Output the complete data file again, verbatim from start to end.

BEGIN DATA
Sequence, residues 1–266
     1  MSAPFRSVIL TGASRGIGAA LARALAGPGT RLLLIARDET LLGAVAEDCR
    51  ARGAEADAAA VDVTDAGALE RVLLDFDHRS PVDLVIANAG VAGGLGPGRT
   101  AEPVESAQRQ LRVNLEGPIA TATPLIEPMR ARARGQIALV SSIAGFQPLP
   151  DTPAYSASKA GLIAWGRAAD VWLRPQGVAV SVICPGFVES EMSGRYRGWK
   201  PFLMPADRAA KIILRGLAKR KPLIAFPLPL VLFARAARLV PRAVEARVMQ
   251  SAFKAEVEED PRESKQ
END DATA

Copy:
Sequence, residues 1–266
     1  MSAPFRSVIL TGASRGIGAA LARALAGPGT RLLLIARDET LLGAVAEDCR
    51  ARGAEADAAA VDVTDAGALE RVLLDFDHRS PVDLVIANAG VAGGLGPGRT
   101  AEPVESAQRQ LRVNLEGPIA TATPLIEPMR ARARGQIALV SSIAGFQPLP
   151  DTPAYSASKA GLIAWGRAAD VWLRPQGVAV SVICPGFVES EMSGRYRGWK
   201  PFLMPADRAA KIILRGLAKR KPLIAFPLPL VLFARAARLV PRAVEARVMQ
   251  SAFKAEVEED PRESKQ